"Where to now, Captain?" Torres asks peevishly, arms across her chest.
The engineer is, of course, relieved that Voyager's newest shuttle won't be incurring substantial fire damage. But isn't as if she's going to let the little fact that Janeway was wrong slip through the cracks.
"You were right the first time," Janeway concedes, if with poorly concealed frustration. "No sense trying to stay ahead of the fire when it could still shift again. . . We'll wait it out to see how close it gets, now that the rainfall has slowed its progress. "
To this admission, B'Elanna has no immediate response. Occupies herself instead with arranging and rearranging their collective gear. Anything, really, but continuing a conversation with her present companion.
They'd managed to make to their current location in about an hour, despite the rain that initially slowed them. It helped, of course, that B'Elanna was angry enough to take out six Nausicaans, but forced by circumstances to divert that energy into the task of half-carrying, half-dragging Janeway up the crest they've set up camp atop of.
She's spent the last two hours silently brooding. Brooding, and trying to decide how she's going to explain all of this to Tom, when they get back.
I finally said something to Janeway about her having the hots for you–
I wasn't trying to destroy the Flyer, Tom. I just wanted to know if her there's a reason Janeway's been such an unmitigated b–
The explanations grow more and more colorful, as B'Elanna's disquiet mounts. Though her initial anger still seems completely reasonable, she can't find any handy summary that escapes sounding a bit ridiculous.
Worse, when she runs the conversation over in her head, she can hear her lover's voice clearly, and always, it's defending Janeway.
"We should sleep," Janeway's voice interrupts. "You rest first. I'll take the first shift of fire observation."
B'Elanna nods into the darkness, finding a spot that's at least half comfortable against a tree. But she doesn't sleep, can't even keep her eyes closed. Not with this thing hanging over her.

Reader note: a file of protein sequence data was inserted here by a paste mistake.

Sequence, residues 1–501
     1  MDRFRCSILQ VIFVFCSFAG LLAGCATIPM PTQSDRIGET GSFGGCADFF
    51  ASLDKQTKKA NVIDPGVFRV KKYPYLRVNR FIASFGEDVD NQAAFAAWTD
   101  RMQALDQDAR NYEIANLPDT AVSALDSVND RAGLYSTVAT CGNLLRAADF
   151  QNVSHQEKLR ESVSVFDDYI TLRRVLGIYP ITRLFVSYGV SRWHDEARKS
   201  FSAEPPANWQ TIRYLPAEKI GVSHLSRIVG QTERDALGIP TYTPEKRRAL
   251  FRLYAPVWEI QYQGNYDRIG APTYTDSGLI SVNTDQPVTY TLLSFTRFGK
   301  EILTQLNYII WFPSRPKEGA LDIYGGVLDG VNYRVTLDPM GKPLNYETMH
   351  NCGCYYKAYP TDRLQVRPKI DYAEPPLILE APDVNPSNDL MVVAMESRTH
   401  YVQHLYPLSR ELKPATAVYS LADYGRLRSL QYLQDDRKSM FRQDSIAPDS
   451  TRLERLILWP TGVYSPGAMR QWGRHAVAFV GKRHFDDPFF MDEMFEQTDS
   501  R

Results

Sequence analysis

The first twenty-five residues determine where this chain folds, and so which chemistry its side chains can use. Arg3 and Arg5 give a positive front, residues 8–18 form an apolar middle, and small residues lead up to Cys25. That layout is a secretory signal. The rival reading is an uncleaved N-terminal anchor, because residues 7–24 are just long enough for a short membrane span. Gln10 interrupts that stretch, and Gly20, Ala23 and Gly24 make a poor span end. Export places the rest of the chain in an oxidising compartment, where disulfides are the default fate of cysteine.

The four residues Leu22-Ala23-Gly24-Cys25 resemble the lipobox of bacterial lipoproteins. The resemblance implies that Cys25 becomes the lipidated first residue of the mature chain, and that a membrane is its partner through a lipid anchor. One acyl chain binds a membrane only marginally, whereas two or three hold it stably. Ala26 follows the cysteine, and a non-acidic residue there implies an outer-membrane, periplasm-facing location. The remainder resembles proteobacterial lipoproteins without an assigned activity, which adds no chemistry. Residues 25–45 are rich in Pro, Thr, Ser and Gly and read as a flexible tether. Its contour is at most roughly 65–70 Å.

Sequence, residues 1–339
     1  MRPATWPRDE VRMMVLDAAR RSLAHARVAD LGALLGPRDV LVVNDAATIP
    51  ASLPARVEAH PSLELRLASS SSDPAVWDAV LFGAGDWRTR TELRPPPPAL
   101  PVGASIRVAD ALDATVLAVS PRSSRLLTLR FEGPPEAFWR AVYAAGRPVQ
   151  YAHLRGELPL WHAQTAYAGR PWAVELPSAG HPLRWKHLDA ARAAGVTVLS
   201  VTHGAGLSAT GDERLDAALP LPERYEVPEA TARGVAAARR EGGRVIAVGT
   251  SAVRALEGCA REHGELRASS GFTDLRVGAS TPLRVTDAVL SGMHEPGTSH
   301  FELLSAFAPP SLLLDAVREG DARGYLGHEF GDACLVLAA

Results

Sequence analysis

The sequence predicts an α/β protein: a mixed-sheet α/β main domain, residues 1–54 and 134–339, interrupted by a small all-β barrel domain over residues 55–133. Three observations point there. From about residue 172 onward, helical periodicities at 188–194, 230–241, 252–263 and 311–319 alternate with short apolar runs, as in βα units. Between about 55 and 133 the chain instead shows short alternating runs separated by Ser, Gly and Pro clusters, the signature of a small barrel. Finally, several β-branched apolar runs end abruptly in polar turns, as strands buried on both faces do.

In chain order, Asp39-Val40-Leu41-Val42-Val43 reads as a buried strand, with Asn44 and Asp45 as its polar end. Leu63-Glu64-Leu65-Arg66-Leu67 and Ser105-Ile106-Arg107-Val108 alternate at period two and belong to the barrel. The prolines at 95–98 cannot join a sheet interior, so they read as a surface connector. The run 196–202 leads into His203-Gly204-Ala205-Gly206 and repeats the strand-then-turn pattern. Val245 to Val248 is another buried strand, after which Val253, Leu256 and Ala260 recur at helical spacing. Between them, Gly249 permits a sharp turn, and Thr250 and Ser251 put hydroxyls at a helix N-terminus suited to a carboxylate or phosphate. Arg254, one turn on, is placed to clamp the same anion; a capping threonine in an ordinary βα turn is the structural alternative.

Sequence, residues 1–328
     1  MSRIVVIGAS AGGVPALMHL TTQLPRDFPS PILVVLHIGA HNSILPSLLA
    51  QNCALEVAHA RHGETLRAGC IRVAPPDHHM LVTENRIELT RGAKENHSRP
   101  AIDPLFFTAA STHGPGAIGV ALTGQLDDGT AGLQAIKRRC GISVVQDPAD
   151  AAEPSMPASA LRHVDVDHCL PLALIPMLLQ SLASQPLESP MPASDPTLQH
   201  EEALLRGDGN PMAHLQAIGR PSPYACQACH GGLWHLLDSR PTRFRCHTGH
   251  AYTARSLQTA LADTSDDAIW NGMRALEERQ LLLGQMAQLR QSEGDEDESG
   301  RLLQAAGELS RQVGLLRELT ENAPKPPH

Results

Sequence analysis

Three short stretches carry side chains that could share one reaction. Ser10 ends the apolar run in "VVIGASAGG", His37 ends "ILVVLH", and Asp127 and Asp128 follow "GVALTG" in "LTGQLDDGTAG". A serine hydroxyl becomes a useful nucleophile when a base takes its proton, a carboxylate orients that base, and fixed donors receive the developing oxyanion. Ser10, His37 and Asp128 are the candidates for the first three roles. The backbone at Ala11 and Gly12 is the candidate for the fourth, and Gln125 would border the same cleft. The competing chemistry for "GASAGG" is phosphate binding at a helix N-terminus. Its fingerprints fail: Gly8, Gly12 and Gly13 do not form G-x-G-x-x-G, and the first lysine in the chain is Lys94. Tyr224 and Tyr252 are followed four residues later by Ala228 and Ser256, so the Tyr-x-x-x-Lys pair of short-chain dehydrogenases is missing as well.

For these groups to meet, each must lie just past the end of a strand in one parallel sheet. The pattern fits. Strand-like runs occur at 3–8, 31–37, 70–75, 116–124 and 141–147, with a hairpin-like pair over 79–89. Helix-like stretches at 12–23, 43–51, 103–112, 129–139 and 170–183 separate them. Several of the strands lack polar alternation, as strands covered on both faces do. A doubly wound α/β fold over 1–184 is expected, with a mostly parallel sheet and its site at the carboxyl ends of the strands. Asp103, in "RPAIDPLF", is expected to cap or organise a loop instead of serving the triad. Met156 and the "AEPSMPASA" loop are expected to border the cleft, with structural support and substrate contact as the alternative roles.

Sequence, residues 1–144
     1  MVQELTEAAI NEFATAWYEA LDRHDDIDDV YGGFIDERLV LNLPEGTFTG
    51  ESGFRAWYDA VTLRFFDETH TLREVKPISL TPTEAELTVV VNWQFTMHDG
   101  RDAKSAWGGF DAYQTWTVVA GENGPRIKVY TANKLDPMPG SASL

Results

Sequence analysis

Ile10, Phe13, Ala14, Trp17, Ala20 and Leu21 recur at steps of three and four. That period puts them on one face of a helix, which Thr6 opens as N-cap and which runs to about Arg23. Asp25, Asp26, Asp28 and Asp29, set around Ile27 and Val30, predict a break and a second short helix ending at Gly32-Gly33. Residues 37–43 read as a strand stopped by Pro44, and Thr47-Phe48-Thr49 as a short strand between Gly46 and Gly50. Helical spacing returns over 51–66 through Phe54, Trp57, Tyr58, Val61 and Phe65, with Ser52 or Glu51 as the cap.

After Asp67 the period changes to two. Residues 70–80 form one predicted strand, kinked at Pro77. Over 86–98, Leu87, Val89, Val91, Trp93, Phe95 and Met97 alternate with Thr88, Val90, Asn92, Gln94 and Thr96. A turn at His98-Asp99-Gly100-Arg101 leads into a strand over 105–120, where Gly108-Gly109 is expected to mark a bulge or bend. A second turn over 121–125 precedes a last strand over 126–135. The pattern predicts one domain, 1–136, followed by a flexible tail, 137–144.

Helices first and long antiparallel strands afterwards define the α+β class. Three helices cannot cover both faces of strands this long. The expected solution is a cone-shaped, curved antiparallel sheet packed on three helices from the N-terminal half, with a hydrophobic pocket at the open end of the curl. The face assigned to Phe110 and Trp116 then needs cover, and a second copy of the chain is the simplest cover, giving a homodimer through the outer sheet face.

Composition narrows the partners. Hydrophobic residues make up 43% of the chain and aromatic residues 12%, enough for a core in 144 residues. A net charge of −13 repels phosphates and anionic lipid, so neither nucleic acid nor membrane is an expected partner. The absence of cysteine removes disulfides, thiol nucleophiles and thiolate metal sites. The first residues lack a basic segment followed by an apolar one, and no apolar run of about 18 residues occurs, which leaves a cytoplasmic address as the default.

She doesn't mean to stare at Janeway. But the direction she has to turn her face to avoid the wind puts the other woman in the center of her vision, and it isn't as if there's a lot to look at, moonlight having rendered the clearing they're in a collection of scattered shadows.
She can't see Janeway's face. The older woman is turned the other direction, for one, and even then it's too dark. But B'Elanna can just make out the slope of her shoulders and silhouette of her trunk; the way she holds herself perfectly upright, despite her surroundings and the broken ankle that must be throbbing like hell.
In another time and place, it might inspire B'Elanna's admiration. More complicated thoughts about honor, women warriors. The nature of courage.
"Why does it matter what I think? Whether or not I approve?"
Torres doesn't know whether Janeway has simply assumed she was awake, or else felt herself being watched.
B'Elanna guesses it's the latter. Janeway's knack for picking up on tiny things can be one of her more. . . challenging traits.
"Why does it matter to you?" Janeway repeats. "Why do you care what I think of your relationship with Tom?"
It's a question B'Elanna can answer any number of ways. And one, the Lieutenant notes darkly, that somewhat sidesteps the issue of the Captain's own feelings for the pilot in question.
Perhaps Janeway anticipates the inner debate B'Elanna is waging. Or perhaps she knows the dodge she would use in the engineer's place. Either way, she sighs, B'Elanna watching as the Captain's shoulders hunch in a bit.
"Don't tell me it's because I'm 'the Captain'. . . That's not the kind of thing that matters to you, the way it does Harry, some of the others."
"But it matters to Tom," the engineer responds reflexively, wincing as soon as the words are out of her mouth.
B'Elanna closes her eyes at the prompt, grateful when complete darkness replaces Janeway's silhouette.
She doesn't particularly want to go into how many nights she's curled in bed next to Tom, feeling him toss and turn after Janeway looked at him wrong, or uttered even a slightly disapproving phrase in his direction. But it's either that or admit to the knot she gets in her stomach whenever she sees Tom and Janeway together, the complete synchronicity that exists between them, whether in a crisis or just bantering in Sandrine's.
B'Elanna's convinced it's partly the 'Fleet brats thing, the pedigree that goes with it. It's something Tom's tried to run from and yet still informs who he is, the ease with which he carries himself. It stands out the second you put him next to Janeway; the two of them always looking like they belong, no matter where they are.
It's also something that never fails to make B'Elanna feel like an outsider: awkward and out of place, like she's back in her first year at Starfleet Academy, standing next to polished cadets who were groomed for greatness starting at birth.
"You'll always be the one who saved him from prison," B'Elanna says, choosing the less personal explanation. "He cares about what you think of him. He wants your respect."